The price of copper crept over the $7,000 mark in early trading Monday only to cool by closing at $6,987 – settling at only $2 above Friday’s final tally.
You may have seen that figure associated with copper in many articles on pricing. That is because experts have drawn the line in the sand at the $7,000 level as the psychologically important benchmark for pricing the red metal. Anything above that mark is theoretically trending in the right direction. Below $7k and the sky is falling! Well, not literally, but…
In reality, copper prices have been on a roller coaster ride much of the year dropping over five per cent since the beginning of 2014. The biggest hit to the market happened a few months ago when a scandal over financing of commodities broke out in China.
Since the scam was uncovered copper shipments to China have dropped drastically. In May, copper imports declined 16 per cent to 3,80,000 tonnes from April and last month they slipped further to 3,50,000 tonnes.
The scandal has resulted in liquidity problems since banks have tightened their credit norms. This can lead to problems in the market and even lead to selling pressure – a reason for copper’s struggle.
Another key fact in the ongoing struggle for copper is the ratio of commodities to equities is at the lowest we’ve seen in over a decade. “There will be natural rebalancing from stocks to commodities when equities are perceived to be overbought and when there is a compelling story in the metals”, says Michael Turek, Head of the Metals Desk at NewEdge. “I am perhaps not qualified to comment on the former but in terms of the latter we are facing a most interesting confluence of positive influences. China is stimulating the economy (albeit papering over their credit cracks) but not admitting to it. Europe is not the basket case we thought it might be. In the States demand is robust. Available supply in all metals is more constrained than it appears to be. Consequently prices have been rising, as has engagement by the investor community.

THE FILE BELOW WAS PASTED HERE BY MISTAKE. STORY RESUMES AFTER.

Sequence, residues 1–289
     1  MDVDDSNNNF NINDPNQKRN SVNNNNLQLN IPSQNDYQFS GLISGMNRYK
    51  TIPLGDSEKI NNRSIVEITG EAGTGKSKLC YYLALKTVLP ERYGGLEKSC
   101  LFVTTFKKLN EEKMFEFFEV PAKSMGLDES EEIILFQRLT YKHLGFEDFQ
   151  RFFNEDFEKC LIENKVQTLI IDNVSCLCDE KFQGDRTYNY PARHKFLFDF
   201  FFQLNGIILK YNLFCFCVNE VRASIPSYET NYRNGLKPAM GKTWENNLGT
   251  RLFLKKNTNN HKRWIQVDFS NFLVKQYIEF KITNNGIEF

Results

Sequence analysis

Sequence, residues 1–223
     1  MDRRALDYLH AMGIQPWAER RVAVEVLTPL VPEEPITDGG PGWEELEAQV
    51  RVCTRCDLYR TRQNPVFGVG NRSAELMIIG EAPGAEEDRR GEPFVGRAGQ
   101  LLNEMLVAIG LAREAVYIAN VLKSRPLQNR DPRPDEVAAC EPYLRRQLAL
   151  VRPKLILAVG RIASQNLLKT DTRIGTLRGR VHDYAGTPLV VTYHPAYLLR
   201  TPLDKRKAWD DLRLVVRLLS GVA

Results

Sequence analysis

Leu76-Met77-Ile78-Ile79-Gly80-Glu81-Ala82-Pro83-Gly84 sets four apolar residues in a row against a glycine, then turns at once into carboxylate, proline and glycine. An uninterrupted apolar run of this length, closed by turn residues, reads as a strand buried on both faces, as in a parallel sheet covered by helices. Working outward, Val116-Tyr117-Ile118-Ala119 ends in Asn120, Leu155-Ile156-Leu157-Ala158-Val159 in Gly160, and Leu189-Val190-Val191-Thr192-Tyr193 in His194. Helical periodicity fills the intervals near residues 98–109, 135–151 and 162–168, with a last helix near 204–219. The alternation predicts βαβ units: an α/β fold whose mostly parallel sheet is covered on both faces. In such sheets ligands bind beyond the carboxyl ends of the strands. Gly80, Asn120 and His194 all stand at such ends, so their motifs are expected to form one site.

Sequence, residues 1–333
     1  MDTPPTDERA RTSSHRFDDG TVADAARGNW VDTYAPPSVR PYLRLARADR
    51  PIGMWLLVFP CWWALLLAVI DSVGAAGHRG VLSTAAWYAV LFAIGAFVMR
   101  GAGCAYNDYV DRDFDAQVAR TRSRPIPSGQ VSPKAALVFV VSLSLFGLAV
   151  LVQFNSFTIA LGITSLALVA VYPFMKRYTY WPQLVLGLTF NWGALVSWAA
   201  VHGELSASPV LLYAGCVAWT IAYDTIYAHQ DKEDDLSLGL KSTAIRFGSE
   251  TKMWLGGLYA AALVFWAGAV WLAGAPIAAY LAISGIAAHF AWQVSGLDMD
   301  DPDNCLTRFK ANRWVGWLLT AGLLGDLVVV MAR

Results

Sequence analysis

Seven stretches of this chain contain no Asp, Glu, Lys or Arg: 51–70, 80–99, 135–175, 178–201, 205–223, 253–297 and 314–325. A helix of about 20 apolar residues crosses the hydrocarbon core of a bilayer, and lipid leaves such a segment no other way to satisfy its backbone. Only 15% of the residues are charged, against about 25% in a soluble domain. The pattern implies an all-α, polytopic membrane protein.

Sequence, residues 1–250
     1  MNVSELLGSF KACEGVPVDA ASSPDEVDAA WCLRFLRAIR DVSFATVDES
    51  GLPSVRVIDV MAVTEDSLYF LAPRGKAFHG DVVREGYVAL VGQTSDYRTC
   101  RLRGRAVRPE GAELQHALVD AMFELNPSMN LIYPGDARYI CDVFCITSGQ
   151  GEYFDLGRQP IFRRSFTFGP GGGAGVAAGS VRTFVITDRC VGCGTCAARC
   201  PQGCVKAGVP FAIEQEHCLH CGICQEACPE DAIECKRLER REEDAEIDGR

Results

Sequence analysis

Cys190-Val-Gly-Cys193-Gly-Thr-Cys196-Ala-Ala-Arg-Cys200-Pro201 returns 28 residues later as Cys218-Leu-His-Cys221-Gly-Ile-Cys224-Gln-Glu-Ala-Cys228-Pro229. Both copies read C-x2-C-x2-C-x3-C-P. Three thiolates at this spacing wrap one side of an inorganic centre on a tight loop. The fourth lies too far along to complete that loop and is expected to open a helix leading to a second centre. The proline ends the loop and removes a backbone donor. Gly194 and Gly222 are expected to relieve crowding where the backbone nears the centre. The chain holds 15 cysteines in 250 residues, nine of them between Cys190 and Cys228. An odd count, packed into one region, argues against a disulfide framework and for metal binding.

“Far be it for me to diverge from the respected opinion of other venerable houses but perhaps the cycle has been misread largely due to the Fed’s continued intervention in the interest rate market and because of the ongoing evolution of a new regulatory environment. It might tempt some to talk markets down to buy them but we already see more buying in the dips from institutional and industrial clients alike.”
A recent report from Reuters makes Turek seem almost prophetic in his analysis. The Shanghai Futures Exchange (SHFE) copper prices decreased late last week due to investors’ concern over the declining property market around the country and overproduction of copper.
“We are increasingly worried about China’s property market. New dwelling commencements are down 18.6 percent year-on-year in the first five months, the sharpest decline since 2009,” according to Reuters.
That property market concern was heightened after a Chinese company announced a possible debt default last Wednesday. China’s Huatong Road & Bridge Group, a construction firm, said it could not repay a $65 million debt, which will be the second default in the domestic bond market.
As always, if you don’t like the price of copper, just wait a few hours and it will most likely change – just like our analogy of the weather in the Midwest in last week’s article.Tagged with tED